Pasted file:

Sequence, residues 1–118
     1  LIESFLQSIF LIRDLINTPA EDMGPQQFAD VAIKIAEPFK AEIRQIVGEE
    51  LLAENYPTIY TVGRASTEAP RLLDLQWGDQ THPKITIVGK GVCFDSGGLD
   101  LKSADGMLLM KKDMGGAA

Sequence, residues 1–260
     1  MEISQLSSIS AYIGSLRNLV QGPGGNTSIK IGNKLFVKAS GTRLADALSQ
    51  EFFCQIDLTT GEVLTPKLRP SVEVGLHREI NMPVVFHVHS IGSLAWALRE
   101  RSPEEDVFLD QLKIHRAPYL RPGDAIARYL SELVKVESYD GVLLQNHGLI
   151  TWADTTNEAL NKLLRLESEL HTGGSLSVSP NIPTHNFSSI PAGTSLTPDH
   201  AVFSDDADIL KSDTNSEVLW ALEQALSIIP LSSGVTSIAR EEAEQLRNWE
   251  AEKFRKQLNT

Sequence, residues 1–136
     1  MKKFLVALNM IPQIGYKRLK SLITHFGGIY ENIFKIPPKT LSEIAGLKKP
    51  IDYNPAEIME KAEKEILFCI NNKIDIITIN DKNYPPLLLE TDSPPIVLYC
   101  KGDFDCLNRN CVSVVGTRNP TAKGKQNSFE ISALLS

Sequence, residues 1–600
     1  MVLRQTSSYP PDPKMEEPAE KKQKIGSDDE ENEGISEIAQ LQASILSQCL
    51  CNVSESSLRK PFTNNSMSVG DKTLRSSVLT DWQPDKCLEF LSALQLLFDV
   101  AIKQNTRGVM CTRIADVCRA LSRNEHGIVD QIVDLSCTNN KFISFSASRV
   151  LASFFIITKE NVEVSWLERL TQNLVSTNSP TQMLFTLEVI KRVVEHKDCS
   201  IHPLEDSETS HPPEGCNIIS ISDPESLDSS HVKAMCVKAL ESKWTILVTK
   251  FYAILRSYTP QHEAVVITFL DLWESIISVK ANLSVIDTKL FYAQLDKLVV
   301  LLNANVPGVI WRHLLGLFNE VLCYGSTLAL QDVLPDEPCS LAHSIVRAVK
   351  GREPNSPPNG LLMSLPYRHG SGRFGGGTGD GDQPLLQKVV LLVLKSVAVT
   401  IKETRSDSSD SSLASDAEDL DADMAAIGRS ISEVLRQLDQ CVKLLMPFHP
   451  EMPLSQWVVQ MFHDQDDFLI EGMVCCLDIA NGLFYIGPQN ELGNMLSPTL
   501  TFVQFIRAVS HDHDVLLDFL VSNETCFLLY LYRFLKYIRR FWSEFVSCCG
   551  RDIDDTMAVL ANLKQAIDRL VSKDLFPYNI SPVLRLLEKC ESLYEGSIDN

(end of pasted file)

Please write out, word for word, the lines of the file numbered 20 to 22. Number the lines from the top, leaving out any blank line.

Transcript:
   151  LASFFIITKE NVEVSWLERL TQNLVSTNSP TQMLFTLEVI KRVVEHKDCS
   201  IHPLEDSETS HPPEGCNIIS ISDPESLDSS HVKAMCVKAL ESKWTILVTK
   251  FYAILRSYTP QHEAVVITFL DLWESIISVK ANLSVIDTKL FYAQLDKLVV